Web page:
Red Light Center (RLC), a virtual world focusing on adult entertianment may now be one of the most popular Virtual Worlds according to Alexa. RLC is the virtual component of Utherverse, a Social Networking site geared towards adult content. Basically, a Myspace for adults. RLC hovers at 555,000 registered users and is in the process of releasing a second public beta.

Daily Traffic Rank Virtual Worlds

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(Three month Daily Reach chart provided by Alexa on 9/17/07)

What I like about RLC or rather lessons to be learned from their design… RLC incorporates Web 2.0 technologies with their virtual world, like combining MySpace with Second Life. The advantage is that you can participate in the community without being logged into the 3-d world. RLC has active forums on the website and a way to search and read user profiles from the web. Users can comment to each other, post and share pictures, and integrate music and video into their profiles. I feel this provides a sense of being involved in the community without having to be “in-world”.

Red Light Center Profiles

After creating a profile, similar to Myspace, a user receives a welcome message from a mentor, a first friend. The Friend has a complete profile you can view which models how the designers expect you to use their tool. The profile includes; comments, Real life and virtual pictures, comments from friends, pictures of friends, and links to websites and video. Your first friend, “Texxy” for me, offers to show you around the Red Light Center when you first log in.

In a way, the Web 2.0 component allows a user to be orientated to the virtual world even before they log in. Before entering the world, you have a friend, you’ve seen pictures, and you have an idea of what to expect. Another neat feature, while the software is downloading for the first time, RLC plays a welcome video for you explaining how different accounts work, how to chat and IM with people, where to go for fun, and how to use their interface.

RLC is all about connecting people for virtual and possible RL sex. The interface includes a “Get Naked” button, and an orgy club is mentioned in the welcome video. I don’t see this being a virtual world for education but there are lessons to be learned from their orientation presentation and integration of Web2.0 and 3D technologies.

Red Light Center Avatar
This is a basic Avatar in RLC, notice the attempt to make the body “real” vs the cartoon like SL default bodies.

Red Light Center Adult Movie House

An Adult Movie house in RLC, Real life videos are streamed into RLC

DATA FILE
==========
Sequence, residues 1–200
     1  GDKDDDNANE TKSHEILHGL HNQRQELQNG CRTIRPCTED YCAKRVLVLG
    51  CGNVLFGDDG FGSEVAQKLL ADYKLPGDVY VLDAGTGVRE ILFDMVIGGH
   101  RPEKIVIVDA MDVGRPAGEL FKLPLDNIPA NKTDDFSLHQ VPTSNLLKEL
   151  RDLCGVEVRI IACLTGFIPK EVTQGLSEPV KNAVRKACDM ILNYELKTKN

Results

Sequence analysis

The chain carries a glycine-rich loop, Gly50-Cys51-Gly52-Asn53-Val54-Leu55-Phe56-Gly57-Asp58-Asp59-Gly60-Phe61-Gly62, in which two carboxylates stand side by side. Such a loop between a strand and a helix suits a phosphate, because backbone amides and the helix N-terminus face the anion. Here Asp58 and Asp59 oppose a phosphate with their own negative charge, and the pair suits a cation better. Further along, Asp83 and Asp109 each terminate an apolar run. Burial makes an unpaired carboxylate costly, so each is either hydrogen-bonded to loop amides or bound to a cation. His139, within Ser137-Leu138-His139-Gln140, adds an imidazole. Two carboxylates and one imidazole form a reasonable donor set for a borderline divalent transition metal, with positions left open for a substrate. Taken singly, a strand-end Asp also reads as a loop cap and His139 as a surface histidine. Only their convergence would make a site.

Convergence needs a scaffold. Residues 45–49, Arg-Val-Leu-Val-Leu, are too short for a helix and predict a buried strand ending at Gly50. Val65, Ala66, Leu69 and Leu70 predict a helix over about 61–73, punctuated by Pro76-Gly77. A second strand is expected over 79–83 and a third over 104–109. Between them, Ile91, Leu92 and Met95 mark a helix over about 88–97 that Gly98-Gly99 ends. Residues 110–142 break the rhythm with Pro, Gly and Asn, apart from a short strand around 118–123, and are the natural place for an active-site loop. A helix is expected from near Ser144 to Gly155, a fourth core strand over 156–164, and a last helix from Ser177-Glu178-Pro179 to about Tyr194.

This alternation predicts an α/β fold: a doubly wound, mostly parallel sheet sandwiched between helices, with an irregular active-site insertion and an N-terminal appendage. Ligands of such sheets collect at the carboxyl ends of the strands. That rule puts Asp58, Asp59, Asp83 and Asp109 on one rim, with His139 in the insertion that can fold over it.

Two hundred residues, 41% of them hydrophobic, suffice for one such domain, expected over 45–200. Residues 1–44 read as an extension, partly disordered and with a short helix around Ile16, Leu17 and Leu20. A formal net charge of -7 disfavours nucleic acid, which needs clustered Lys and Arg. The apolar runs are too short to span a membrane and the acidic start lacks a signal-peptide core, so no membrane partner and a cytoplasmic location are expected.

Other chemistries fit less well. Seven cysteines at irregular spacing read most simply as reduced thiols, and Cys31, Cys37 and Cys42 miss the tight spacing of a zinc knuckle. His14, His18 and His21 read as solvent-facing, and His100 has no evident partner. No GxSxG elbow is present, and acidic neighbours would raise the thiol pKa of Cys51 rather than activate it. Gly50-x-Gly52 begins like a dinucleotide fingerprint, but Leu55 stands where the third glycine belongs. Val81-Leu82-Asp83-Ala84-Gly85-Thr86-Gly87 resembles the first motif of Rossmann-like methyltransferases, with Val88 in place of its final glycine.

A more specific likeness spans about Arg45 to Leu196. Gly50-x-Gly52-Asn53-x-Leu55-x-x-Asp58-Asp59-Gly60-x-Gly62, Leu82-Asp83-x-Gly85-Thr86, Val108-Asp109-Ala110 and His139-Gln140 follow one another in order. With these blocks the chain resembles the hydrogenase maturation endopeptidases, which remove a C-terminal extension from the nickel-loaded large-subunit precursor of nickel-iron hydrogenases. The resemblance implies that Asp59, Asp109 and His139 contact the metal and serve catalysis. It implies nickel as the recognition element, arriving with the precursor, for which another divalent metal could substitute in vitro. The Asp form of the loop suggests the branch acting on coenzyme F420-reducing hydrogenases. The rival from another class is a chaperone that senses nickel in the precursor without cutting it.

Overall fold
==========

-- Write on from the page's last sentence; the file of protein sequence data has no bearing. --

3 Responses

  1. If you are looking for social networking / virtual world integration you might want to look at Kaneva. Kaneva is still in beta and should be adding features to the virtual world.

    Second Life has forums, quite active forums. One use to be able to create forums for Second Life groups but that was discontinue a while back. Various third parties have social networking of sorts for SL users, with MySpace-ish looks and functions, but none seem to have gathered too much interest from SL users. SL users can use the sluniverse and slexchange forums to chat when not inworld, and to share pictures. There are websites one can use to log in to SL with a text client, or one can download a standalone program program like SLeek for connecting with SL pals when not in SL.

    Red Light Center uses the Active Worlds technology for it’s virtual world, an old style of virtual world. I find the RLC method less real feeling than SLs. The avatar movement in SL feels more normal. I don’t find the RLC avs to be as good looking as SL avatars. Any defiencies in the default SL avatar skin can easily be corrected with a number of free skins while figuring out if one wants to buy a skin and if so which one. Of course if the goal is for education having the most realistic or good looking skin is perhaps not a matter of great importance.

    I’d like to see Zoho’s collaboration suite and Google Docs integrated into a virtual world. Zoho in particular; Zoho offers a broader packages of features than Google Docs does. Integrating a virtual world with Zoho would give you collaborative word processing, spreadsheets, presentation software, collaborate blackboards with group annotation, calendars, wiki, email, databases, etc. I’d say this is more the sort of Web 2.0 that educators should be wanting integrated with a virtual world than adding MySpace/Facebook style features.

  2. Wow, thanks for the great information. I think the types of tools Myspace-ish vs collaboration tools depends on the epistemolgy of the instructor. In my case i lean towards post-strucutral pedagogy and i frequently integrate student’s life stories and personal media like pictures, music, blogs etc into their class activties. I don’t think i’ve ever used spreadsheets, databases, presentation software, or collaborative BBs, for me, those are business tools not education tools (i do use lots of email : ) )But i agree that Most educators will be wanting a mixture of collaborative “groupware”. I haven’t used Zoho before so i’ll be sure to check it out. I also didn’t know LC was using the active worlds engine, very interesting. Thanks again for the wonderful info!

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